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UNPUBLISHED

UNITED STATES COURT OF APPEALS


FOR THE FOURTH CIRCUIT

No. 12-4881

UNITED STATES OF AMERICA,


Plaintiff - Appellee,
v.
WINSTON R. IRONS, a/k/a Tony,
Defendant - Appellant.

Appeal from the United States District Court for the Northern
District of West Virginia, at Elkins.
John Preston Bailey,
Chief District Judge. (2:12-cr-00016-JPB-JSK-1)

Submitted:

July 18, 2013

Decided:

August 6, 2013

Before KING, AGEE, and FLOYD, Circuit Judges.

Affirmed by unpublished per curiam opinion.

Scott C. Brown, SCOTT C. BROWN LAW OFFICE, Wheeling, West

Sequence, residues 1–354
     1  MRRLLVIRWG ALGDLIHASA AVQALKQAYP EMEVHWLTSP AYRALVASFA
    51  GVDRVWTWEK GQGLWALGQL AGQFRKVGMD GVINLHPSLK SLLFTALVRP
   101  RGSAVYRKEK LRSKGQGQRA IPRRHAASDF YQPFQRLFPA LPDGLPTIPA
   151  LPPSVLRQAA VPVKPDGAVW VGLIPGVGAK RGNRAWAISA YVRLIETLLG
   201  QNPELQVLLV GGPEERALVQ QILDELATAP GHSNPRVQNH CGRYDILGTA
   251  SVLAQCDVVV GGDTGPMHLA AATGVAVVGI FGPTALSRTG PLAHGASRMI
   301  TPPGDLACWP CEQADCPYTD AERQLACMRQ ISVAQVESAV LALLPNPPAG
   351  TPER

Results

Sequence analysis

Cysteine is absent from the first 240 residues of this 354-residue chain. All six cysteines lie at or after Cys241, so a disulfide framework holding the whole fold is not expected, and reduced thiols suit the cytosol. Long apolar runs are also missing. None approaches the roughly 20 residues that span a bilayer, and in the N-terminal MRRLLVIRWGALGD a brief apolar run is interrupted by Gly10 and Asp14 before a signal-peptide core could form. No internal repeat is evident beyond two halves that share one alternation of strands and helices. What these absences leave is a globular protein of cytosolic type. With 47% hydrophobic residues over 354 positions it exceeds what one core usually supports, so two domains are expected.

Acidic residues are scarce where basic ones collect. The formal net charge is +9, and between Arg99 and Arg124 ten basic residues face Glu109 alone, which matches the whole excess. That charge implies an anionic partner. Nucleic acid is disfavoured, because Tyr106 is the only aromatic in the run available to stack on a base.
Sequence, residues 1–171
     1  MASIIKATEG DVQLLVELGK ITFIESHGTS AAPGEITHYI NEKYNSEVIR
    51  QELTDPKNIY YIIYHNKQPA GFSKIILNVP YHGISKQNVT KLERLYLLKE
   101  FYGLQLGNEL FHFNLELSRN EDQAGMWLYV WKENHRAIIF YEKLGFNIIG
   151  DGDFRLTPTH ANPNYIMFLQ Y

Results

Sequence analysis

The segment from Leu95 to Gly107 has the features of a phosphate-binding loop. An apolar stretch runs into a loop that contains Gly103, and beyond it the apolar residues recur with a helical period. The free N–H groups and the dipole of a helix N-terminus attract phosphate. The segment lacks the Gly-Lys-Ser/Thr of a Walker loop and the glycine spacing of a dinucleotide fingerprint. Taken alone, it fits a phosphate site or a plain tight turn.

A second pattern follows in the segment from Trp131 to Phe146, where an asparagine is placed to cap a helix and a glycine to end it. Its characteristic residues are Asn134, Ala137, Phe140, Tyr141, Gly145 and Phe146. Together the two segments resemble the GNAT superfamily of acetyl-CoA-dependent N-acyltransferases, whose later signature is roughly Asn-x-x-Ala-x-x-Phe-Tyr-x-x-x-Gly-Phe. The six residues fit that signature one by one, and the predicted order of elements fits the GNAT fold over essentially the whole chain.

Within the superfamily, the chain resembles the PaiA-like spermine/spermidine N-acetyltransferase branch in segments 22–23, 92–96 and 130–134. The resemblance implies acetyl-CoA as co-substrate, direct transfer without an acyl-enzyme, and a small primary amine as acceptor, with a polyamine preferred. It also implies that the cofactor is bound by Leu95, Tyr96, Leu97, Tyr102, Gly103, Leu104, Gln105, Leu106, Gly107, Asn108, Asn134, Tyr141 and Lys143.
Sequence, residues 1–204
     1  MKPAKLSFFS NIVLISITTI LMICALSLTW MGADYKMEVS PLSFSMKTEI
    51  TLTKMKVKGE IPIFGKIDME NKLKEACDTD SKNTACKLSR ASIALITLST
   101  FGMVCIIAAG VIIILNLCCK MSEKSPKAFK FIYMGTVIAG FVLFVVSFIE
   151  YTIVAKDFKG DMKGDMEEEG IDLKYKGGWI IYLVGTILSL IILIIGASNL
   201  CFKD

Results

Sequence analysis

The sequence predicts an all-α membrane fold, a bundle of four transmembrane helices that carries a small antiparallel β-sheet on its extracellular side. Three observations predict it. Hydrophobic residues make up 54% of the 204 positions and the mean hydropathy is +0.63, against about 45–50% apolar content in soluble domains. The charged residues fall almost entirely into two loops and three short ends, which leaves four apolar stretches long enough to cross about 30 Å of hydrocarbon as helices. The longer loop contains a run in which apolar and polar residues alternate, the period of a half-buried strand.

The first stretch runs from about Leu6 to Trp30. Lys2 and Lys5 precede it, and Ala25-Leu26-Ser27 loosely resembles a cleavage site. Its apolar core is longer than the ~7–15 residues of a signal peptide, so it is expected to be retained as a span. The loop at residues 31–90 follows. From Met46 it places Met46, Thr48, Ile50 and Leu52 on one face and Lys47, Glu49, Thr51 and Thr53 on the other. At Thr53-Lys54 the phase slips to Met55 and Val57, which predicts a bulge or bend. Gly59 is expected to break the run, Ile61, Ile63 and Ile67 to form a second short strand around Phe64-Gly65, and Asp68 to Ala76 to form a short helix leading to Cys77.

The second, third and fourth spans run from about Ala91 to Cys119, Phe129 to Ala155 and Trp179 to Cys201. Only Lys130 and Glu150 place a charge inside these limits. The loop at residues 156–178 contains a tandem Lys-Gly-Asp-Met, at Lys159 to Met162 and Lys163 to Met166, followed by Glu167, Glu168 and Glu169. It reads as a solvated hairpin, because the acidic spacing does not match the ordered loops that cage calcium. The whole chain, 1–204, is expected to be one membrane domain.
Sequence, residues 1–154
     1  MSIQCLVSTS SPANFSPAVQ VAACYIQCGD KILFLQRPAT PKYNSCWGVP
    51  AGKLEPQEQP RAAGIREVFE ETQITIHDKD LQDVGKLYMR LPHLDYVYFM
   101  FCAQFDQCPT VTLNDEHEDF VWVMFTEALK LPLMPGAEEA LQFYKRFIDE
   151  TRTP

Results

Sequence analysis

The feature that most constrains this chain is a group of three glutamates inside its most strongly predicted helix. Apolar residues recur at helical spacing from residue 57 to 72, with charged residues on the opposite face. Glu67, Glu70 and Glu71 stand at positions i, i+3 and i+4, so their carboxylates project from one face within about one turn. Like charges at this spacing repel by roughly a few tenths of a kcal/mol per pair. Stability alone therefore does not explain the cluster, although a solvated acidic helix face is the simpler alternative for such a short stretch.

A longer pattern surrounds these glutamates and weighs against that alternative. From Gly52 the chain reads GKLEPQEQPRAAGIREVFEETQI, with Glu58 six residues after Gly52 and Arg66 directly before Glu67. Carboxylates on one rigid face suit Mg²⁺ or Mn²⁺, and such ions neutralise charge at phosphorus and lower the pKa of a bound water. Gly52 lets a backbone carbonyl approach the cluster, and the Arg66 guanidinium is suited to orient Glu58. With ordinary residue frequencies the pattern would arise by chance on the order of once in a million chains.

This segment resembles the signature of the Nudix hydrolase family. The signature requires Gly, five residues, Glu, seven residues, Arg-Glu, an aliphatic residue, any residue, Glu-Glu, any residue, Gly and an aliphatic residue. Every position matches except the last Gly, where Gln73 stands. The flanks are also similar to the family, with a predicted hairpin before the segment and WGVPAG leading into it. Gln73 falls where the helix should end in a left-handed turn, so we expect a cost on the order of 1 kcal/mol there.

Virginia, for Appellant.
William J. Ihlenfeld, II, United
States Attorney, Andrew R. Cogar, Assistant United States
Attorney, Clarksburg, West Virginia, for Appellee.

Unpublished opinions are not binding precedent in this circuit.

PER CURIAM:
Winston Irons appeals his convictions for possession
with intent to distribute cocaine and marijuana, in violation of
21

U.S.C.

841(a)(1)

(2006).

On

appeal,

he

challenges

the

district courts denial of his motion to suppress and admission


of prior bad acts under Fed. R. Evid. 404(b).

We affirm.

Irons first argues that the district court erred by


denying his motion to suppress the evidence seized on October 5,
2011, challenging the informants reliability.

In reviewing the

denial of a motion to suppress, we review a district courts


factual

findings

for

clear

error[]

and

the

legal

determinations de novo, United States v. Black, 707 F.3d 531,